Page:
Patton Oswalt says, Wake Up, Geek Culture. It's Time to Die. He touches on a few things I have been pondering lately, which is the increase in cultural consumption that has occurred within the past few years--or, as he so adroitly points out, the way in which we are consuming popular culture. There used to be very few TV shows that people watched religiously, and discussed with their friends. Shows that, if someone said, "Oh, I don't watch that," you would say, "What's wrong with you?!? You don't know what you're missing!" The first show like that was I Love Lucy. If you were scheduling to go out to dinner with someone, it could never be at the same time as I Love Lucy.
The show of my generation like that was The Simpsons. When I was in fifth grade, some kids actually had a kind of Simpsons discussion group that met during recess every Monday, to talk about the Simpsons episode that aired the previous evening. (This, of course, was nothing like a book club where they talked about the biting social commentary--it was more like, "Oh man, that part was really funny.") As the show became syndicated, it was possible to watch The Simpsons every day, sometimes up to four times in a single day. When I got to college, if a person wasn't able to converse in Simpsons references, it usually meant they had parents who, at some point, strictly controlled what they watched on TV.
Today, you can watch any TV show you want, any time of day. On that note, we are going to take a brief diversion.
People sometimes talk about how bad TV has gotten in the past decade, pointing to the surfeit of crap reality TV that is out there. TV has also, in other respects, gotten really good in the past decade. Setting aside the several original series produced by Showtime and HBO (The Wire. There, I said it.), there are plenty of shows that are far better than what was around in the 90s. To me, the only things that come to mind are sitcoms, since it is one of my preferred genres: Community, Children's Hospital, 30 Rock, Arrested Development, It's Always Sunny in Philadelphia, and The Office, to name but a few. In animation, there has been Avatar, Adventure Time, and quite a few things on Adult Swim.
I think that was has happened is that instead of trying to make their shows appeal to as broad of an audience as possible, producers are trying to make each show appeal to a particular audience in the best possible way. When you form a devoted following, you get people who tune in every time the show is on, regardless of what else is on, whereas before, you might have gotten people who watched your show simply because it was the best thing that happened to be on at the time. (Also, there are now shows you have to pay attention to while you watch them, and shows where you can do housework and only half pay attention while missing nothing.)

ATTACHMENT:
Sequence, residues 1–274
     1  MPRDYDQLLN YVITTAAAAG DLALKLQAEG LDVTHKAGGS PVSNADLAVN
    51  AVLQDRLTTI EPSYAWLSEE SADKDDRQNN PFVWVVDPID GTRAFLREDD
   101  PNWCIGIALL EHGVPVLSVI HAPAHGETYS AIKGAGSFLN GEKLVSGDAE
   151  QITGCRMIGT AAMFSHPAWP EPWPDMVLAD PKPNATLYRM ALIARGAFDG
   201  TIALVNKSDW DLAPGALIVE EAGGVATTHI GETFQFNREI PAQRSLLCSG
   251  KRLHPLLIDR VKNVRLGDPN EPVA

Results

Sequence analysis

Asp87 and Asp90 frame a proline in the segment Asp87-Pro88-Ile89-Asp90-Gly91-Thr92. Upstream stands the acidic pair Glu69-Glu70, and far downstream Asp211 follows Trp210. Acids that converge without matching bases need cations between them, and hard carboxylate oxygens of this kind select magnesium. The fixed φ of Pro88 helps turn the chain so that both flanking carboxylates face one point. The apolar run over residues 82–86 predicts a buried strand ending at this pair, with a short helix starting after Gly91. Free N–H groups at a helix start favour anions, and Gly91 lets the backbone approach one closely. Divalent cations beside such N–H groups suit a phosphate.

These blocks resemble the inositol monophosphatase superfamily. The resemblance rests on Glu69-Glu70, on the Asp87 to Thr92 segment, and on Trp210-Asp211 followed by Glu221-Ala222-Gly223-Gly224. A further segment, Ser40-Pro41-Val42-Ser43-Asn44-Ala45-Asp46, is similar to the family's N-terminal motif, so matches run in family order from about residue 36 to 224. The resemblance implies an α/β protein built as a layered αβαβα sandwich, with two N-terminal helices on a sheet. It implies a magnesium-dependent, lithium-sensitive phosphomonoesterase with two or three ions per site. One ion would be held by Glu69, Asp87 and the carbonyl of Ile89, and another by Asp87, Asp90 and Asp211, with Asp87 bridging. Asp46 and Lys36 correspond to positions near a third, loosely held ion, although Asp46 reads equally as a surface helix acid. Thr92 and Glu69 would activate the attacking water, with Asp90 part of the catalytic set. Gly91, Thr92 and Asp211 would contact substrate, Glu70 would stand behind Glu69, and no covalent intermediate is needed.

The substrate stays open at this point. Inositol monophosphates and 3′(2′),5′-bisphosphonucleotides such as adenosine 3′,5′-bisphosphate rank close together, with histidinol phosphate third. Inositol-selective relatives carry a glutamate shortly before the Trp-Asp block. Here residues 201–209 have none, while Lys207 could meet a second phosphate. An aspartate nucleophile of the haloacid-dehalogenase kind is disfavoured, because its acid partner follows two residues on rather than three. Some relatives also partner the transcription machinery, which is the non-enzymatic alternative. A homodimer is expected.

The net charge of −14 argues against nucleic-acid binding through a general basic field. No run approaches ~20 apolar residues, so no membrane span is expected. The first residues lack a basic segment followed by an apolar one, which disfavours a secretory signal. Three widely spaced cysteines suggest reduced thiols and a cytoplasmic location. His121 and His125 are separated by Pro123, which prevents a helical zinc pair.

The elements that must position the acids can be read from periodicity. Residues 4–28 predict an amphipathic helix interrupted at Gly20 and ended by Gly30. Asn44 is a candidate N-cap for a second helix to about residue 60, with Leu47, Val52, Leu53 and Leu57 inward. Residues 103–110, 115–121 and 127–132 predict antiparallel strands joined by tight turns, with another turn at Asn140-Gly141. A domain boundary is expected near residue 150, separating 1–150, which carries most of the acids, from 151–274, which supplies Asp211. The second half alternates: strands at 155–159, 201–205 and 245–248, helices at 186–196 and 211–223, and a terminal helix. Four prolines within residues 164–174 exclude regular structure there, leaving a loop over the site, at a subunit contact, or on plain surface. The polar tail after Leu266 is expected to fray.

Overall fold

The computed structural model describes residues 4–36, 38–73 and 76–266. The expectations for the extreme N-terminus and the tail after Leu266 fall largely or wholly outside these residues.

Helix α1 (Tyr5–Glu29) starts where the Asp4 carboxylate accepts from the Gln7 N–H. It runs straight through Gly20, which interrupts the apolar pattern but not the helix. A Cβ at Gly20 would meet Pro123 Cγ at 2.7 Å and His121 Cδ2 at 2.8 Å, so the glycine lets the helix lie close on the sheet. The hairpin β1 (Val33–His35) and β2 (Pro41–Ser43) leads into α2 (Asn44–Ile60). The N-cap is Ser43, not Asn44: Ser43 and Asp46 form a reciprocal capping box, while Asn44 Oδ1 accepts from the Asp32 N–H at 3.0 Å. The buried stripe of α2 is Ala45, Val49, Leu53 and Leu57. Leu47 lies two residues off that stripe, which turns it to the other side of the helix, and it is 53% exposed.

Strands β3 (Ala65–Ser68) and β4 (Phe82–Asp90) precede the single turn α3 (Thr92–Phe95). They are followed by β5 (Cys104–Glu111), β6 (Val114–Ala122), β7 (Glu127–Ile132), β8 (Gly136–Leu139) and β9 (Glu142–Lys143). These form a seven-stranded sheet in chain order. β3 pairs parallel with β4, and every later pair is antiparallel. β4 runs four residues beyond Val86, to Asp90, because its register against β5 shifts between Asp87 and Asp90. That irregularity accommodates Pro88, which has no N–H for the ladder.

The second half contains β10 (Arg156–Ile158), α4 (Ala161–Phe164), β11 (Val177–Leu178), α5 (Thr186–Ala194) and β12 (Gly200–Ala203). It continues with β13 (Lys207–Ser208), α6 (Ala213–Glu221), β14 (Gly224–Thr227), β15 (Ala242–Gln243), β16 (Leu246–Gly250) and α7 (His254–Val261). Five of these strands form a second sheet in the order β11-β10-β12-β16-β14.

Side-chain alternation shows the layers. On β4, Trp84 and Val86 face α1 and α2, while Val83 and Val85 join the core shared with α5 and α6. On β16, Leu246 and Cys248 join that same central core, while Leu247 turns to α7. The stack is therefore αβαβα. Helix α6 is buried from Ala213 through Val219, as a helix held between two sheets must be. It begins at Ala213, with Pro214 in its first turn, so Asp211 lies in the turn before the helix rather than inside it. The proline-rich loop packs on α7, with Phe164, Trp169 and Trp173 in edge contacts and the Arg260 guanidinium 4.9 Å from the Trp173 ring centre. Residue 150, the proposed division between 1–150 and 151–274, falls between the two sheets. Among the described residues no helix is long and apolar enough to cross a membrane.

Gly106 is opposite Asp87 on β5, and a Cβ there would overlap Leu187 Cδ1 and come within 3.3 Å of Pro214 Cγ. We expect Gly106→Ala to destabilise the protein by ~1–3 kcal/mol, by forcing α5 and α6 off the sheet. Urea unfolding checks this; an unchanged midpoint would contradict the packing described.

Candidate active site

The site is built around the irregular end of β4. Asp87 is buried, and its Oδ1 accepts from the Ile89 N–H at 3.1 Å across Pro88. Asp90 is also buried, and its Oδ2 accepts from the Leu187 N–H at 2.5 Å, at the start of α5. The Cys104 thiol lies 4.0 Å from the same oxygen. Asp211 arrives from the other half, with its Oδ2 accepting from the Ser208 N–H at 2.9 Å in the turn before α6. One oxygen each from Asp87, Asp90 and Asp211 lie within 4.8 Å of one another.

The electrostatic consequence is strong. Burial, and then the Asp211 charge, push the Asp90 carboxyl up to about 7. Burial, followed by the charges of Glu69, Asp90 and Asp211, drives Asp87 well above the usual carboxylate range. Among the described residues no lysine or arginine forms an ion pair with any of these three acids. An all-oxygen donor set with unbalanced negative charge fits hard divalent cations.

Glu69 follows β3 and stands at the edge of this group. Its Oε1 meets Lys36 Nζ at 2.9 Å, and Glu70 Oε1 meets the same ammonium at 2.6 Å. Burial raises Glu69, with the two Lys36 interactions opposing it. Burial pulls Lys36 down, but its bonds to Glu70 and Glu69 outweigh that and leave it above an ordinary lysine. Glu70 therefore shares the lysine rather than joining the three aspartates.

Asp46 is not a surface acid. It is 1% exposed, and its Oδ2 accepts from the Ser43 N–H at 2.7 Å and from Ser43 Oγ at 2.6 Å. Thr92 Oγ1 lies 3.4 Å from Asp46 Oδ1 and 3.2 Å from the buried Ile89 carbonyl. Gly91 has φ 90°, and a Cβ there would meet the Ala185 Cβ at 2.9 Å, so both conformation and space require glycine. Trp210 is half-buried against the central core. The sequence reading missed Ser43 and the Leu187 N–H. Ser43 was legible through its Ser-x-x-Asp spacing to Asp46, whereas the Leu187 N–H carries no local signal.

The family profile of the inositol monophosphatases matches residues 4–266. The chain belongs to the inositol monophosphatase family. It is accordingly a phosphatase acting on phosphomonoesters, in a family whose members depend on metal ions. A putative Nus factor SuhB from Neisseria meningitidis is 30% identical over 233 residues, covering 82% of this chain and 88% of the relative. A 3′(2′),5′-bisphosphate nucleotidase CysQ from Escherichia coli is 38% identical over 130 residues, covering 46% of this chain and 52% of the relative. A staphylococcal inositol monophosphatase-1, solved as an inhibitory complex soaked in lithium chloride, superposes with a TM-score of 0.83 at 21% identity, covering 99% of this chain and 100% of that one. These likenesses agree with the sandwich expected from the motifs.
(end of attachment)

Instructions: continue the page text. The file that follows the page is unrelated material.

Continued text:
What brought this into stark relief for me was when I recently watched Buffy the Vampire Slayer. Its fans will talk to you about all the things that are so great about it, while its detractors will talk to you about all the things that are bad about it. From time to time, both of them are correct. It has interesting storylines where characters make tough moral choices... but it will sometimes have entire episodes where the characters play hot potato with the idiot ball. There is a lot of fluff and filler. And this is because the show was probably aimed at trying to capture both the audience who likes "good television," and the audience that watches whatever crap happens to be on right now.
If Buffy were made today, I think that it would have half as many episodes per season, and have at least 50% less filler. It would be more watchable for some people, while some of its most die-hard fans would probably be upset that you cut out all of the rich social drama (which was really just people yelling at each other for five minutes, over a misunderstanding).
So, we now live in a world with lots of great television shows. And video games. And movies. And books, good god, there are books everyone is reading! With the power of the internet, we can find out all of the cool things there are to consume in our spare time. We can also see our friends having conversations about these things, and we think, "I would like to be able to participate in that conversation. I will go find out what it is they are talking about." (I might just be speaking for myself, but I don't think the power of implicit social pressure should be denied.) But each one of those TV shows will require several hours of your time to watch all the way through. The movies, two hours apiece. The video games, 10 hours or more. The books depend on how fast you read and what books you are reading, but reading a George R. R. Martin novel will require no less than 10 hours of your time.
Now you are spending every possible minute of your spare time doing nothing but consume popular culture, and it's not enough. Unless you quit your job, and make your life all about media consumption, there is never going to be enough time for all of it. The further problem, as Patton Oswalt says, is that you are never taking the time to reflect on these things and absorb them. In a world where we never have to watch the same show twice, we are missing out on the value of repeated viewing that made some of us conversant in Simpsons references.
This means that you have to make a choice in what you are going to consume, and stop worrying about the fact that you haven't consumed the thing your friends are talking about. I am trying to take this even further, and want to take the time to rewatch some of the shows I have enjoyed the most in the past five years (yes, The Wire, but also Adventure Time). If we don't try to slow ourselves down, I don't think it will be quite as bad as Oswalt says, but it doesn't seem like something I want to be part of. All I can see is a future of image macros that reference 10 different intellectual properties at once.